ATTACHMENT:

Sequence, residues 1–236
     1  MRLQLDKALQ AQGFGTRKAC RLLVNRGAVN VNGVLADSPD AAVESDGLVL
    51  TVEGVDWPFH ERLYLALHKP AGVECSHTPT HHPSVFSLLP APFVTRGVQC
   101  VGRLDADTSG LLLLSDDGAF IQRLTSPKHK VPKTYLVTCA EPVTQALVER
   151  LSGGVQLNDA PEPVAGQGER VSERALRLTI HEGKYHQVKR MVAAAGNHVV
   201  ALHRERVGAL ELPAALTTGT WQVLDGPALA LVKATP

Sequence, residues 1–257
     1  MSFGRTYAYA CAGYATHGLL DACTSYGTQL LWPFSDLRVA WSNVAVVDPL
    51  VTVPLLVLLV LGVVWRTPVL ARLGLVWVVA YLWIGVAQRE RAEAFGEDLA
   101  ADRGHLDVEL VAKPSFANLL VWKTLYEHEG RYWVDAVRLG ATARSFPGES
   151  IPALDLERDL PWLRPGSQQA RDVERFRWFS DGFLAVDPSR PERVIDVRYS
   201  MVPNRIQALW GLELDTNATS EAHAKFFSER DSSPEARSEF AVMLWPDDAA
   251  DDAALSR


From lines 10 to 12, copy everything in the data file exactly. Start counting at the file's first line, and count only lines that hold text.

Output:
   101  ADRGHLDVEL VAKPSFANLL VWKTLYEHEG RYWVDAVRLG ATARSFPGES
   151  IPALDLERDL PWLRPGSQQA RDVERFRWFS DGFLAVDPSR PERVIDVRYS
   201  MVPNRIQALW GLELDTNATS EAHAKFFSER DSSPEARSEF AVMLWPDDAA